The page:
Supporters of the Vineyard Wind offshore wind energy project came out online June 26 to call on the federal Bureau of Ocean Energy Management to approve the 800-megawatt plan in southern New England waters, with spacing turbine towers in a 1 nautical mile grid.

“Vineyard Wind 1 is the most significant step we can take” for reducing carbon emissions in Massachusetts, said Tom Soldini of Edgartown on Martha’s Vineyard, Mass., adding that the company will provide 40 to 50 permanent jobs to the island community.

Friday’s public hearing – staged using the Zoom virtual meeting app with public comment by telephone – was the first step in a 45-day public comment period on BOEM’s new supplemental environmental impact statement on the Vineyard Wind project, and its broader look at the cumulative impacts of 15 more offshore wind projects planned along the U.S. East Coast.

The agency plans to arrive at recommended alternatives for Vineyard Wind in November and finalize those with a formal record of decision by Dec. 18.

BOEM is looking at one scenario for four-mile-wide vessel transit lanes through wind energy leases off southern New England – referred to as alternative F in its supplemental environmental impact statement. That concept was proposed in January by the Responsible Offshore Development Alliance, a coalition of commercial fishing groups.

The axis of one lane in the RODA plan would be a pathway through Vineyard Wind between New Bedford, Mass., and the Georges Bank fishing grounds. But at the end of May, the Coast Guard released its own port access study that recommended against wide transit lanes.

The Coast Guard instead endorsed a consistent 1 nautical mile grid layout for wind turbines proposed by Vineyard Wind and the developers of neighboring leases. The Coast Guard study concluded that setting aside wider designated traffic lanes would funnel vessels closer to each other and would result in turbines being built closer together outside of the lanes.

That would complicate navigation within the turbine arrays, and the Coast Guard’s search and rescue mission when its vessels and aircraft need to go in and rescue mariners, the study concluded.

As an alternative to the RODA proposal, the 1 nautical mile spacing between turbines still offers a “predictable course” and “traffic dispersal” for fishing fleets that transit the arrays, said Arianna Baker, a navigation analyst for BOEM. The Coast Guard has concurred with BOEM’s findings in the supplemental environmental impact statement, she said.

In the virtual public hearing, Vineyard Wind supporters said the Coast Guard’s acceptance of 1 nautical mile turbine spacing shows the wind and fishing industries can coexist. Reducing the numbers of turbines planned by Massachusetts state energy officials and developers could threaten the viability of those projects and the state’s goals for clean energy, they said.

“The professionals have spoken,” said Soldini.

“The success of Vineyard Wind is crucial to the success of the U.S. offshore wind industry,” said Abby Watson, head of government affairs for turbine manufacturer Siemens Gamesa North America.

Requiring the four-mile transit lanes “will substantially reduce the area available for development without substantially improving the safety of navigation,” she said.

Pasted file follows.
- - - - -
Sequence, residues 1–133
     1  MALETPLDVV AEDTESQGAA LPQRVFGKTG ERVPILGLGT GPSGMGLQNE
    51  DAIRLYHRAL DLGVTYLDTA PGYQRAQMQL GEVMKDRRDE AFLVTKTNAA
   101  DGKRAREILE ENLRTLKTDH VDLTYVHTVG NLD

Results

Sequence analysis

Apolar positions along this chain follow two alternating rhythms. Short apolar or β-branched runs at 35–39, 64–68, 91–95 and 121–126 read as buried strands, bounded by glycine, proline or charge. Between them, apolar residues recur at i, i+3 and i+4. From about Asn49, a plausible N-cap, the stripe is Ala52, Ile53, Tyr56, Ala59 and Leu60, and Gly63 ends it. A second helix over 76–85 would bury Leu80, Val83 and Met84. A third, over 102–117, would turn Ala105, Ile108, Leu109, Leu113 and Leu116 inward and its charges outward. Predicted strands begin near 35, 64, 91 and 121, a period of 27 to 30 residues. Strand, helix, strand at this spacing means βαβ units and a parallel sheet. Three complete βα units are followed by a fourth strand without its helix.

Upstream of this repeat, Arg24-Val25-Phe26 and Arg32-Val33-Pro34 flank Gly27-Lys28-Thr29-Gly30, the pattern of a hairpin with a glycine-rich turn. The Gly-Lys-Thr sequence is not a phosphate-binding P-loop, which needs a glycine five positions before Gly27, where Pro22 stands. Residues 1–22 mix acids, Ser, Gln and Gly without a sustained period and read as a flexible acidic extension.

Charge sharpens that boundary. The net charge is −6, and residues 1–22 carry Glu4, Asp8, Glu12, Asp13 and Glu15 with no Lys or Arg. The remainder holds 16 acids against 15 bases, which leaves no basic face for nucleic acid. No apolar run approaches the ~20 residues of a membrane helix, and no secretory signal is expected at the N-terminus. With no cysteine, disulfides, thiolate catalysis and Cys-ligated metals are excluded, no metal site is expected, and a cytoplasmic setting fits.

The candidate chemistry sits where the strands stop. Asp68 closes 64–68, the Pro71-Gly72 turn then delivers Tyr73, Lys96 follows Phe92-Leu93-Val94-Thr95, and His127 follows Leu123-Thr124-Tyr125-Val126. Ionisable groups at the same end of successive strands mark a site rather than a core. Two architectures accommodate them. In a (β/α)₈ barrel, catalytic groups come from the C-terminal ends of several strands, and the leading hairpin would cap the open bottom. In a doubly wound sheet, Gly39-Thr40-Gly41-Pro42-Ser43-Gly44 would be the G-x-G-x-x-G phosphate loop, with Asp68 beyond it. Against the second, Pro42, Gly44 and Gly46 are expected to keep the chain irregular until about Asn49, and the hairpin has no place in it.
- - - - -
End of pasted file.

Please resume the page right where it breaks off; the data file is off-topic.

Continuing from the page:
BOEM officials heard from others who see a revitalization of New England’s maritime industry on the horizon.

Wind energy can “foster and grow and entire new U.S. workforce, particularly in New England,” said Maria Hanna, president and CEO of Survival Systems USA Inc., Groton, Conn., a marine and aviation training company that has already added wind energy training to its offerings.

David Borrus, business manager for Pile Drivers and Divers Local 56 of Massachusetts – which is using a $100,000 grant from Vineyard Wind in 2019 to train its members – said the environmental impact statement shows southern New England’s commercial fishing and other maritime industries can coexist.

“I can tell you the first two divers on that initial project at the (New Bedford) marine terminal were born and raised in New Bedford,” said Borrus.

“We’re looking at probably between 20 and 30 years of work,” and wind power employing the future generations just in school today, said David Araujo, president of the Southeastern Massachusetts Building Trades Council.

“Hopefully the goalposts will not be moved again,” Araujo added. “We’re at the goal line and we’ve got to get over it.”

BOEM will hold four more virtual public hearings on Tuesdays and Thursdays this week and next: June 30 at 1 p.m. Eastern, July 2 at 5 p.m., July 7 at 1 p.m., and July 9 at 5 p.m.

For instructions on how to join the meetings, including links to the scheduled Zoom meetings and call-in telephone numbers, go to BOEM’s virtual meeting page at

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Associate Editor Kirk Moore was a reporter for the Asbury Park Press for more than 30 years and a 25-year field editor for National Fisherman before joining our Commercial Marine editorial staff in 2015. He wrote several award-winning stories on marine, environmental, coastal and military issues that helped drive federal and state government policy changes. Moore was awarded the Online News Association 2011 Knight Award for Public Service for the “Barnegat Bay Under Stress,” 2010 series that led to the New Jersey state government’s restoration plan. He lives in West Creek, N.J.

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